Caixin
Aug 17, 2020 08:25 PM
BUSINESS & TECH

JD.com, Trip.com Tie Up as Domestic Travel Comes Back to Life

Ctrip’s headquarters in Shanghai on April 3.
Ctrip’s headquarters in Shanghai on April 3.

China’s biggest online travel agency, Trip.com Group Ltd., has announced a deal with e-commerce giant JD.com Inc. in which they will share traffic and resources as the domestic travel market restarts in the wake of country’s Covid-19 epidemic.

In twin statements, the companies said Trip.com will bring competitively priced tickets to the table, while JD.com will offer its 8 million corporate and 400 million individual users, livestreaming resources and marketing prowess.

Under the deal, people will be able to buy Trip.com products and services on JD.com’s platform, and the company will become a “strategic supplier” to JD.com’s existing travel unit, a Trip.com spokesperson told Caixin. The spokesperson said the companies would not share user data.

A spokesperson for JD.com declined to confirm those details and said the partnership was in its early stages.

The companies’ statements said they expect Trip.com products to start appearing on JD.com’s platforms by the second quarter of 2021.

Travel has become an increasingly important area for China’s internet giants. Fliggy, a travel services platform owned by Alibaba Group Holding Ltd. had 416 million monthly active users as of the second quarter, up 80% from the same period in 2018, according to market research firm Statista.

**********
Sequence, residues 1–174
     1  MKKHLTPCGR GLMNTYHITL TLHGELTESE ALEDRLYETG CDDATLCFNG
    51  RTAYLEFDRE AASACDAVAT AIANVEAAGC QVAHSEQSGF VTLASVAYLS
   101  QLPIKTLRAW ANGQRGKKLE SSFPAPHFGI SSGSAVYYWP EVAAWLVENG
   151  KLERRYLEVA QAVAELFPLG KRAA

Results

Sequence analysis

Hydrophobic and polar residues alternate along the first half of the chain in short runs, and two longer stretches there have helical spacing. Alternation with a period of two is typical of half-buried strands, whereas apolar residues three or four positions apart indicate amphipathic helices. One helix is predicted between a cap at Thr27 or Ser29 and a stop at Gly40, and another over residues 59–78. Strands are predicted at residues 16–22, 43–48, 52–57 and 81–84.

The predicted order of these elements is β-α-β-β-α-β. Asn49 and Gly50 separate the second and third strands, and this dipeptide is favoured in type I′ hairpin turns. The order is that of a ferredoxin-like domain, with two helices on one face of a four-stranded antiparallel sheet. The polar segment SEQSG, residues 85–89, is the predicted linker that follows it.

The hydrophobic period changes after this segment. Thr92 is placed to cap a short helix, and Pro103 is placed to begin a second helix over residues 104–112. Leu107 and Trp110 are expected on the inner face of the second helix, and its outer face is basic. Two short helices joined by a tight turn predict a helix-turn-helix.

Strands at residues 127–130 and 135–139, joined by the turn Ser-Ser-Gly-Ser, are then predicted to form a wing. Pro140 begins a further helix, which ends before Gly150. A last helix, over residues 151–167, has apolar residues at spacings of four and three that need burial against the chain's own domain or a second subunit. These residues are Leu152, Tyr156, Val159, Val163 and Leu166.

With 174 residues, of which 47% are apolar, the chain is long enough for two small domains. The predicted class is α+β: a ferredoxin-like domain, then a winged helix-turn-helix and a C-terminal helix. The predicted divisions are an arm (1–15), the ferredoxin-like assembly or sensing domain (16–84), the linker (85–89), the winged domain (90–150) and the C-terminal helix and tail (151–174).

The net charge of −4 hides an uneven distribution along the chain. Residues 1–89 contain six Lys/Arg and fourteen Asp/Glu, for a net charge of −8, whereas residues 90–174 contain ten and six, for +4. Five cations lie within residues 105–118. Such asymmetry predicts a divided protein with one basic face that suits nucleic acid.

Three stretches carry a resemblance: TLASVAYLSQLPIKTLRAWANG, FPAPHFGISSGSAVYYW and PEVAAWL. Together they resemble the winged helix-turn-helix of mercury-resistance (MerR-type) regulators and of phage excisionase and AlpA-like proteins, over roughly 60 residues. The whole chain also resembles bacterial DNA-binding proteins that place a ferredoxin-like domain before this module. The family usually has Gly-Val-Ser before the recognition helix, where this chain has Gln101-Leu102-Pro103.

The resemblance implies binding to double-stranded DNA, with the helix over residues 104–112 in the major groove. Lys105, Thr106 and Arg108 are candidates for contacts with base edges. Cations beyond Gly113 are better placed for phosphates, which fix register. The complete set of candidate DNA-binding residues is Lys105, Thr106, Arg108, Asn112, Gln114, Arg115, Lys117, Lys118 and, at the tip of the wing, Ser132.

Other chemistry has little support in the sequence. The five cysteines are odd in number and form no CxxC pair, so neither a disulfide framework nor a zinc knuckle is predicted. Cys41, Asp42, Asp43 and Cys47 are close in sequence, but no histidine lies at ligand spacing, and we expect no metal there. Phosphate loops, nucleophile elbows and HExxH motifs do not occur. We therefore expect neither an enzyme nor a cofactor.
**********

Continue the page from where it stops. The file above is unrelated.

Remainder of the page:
However, 2020 has been a disastrous year for the travel industry amid the global pandemic. Trip.com said in the statement that tens of millions of orders were refunded or rescheduled “during the epidemic period.” In the first quarter, Trip.com’s net revenue plunged 42% year-on-year to 4.7 billion yuan ($676 million), according to the Nasdaq-listed firm’s financial report. It also suffered a net loss of 5.4 billion yuan, compared with a net profit of 4.6 billion yuan during the same period last year

The company has tried to offset some of these losses by embracing the livestreaming e-commerce trend that has grown increasingly popular this year. The company has offered “livestreamed travelling” sessions of travel experiences, such as visits to luxury hotels and restaurants. In the 40 livestreamed travel events that the company has organized since March, it has racked up over 1.1 billion yuan of gross merchandise volume (GMV). GMV is a measure of sales used by e-commerce platforms that host goods and services provided by third parties.

Beijing-based research body the China Tourism Academy predicted that domestic tourism revenue would fall 20.6% this year. A total of 5.7 trillion yuan of tourism revenue was generated from 6 billion domestic trips in 2019, according to National Bureau of Statistics.

The Chinese mainland reported 22 new Covid-19 cases with symptoms on Sunday, all of which were among travelers arriving in the country from overseas.

Contact reporter Flynn Murphy (flynnmurphy@caixin.com) and editor Joshua Dummer (joshuadummer@caixin.com)

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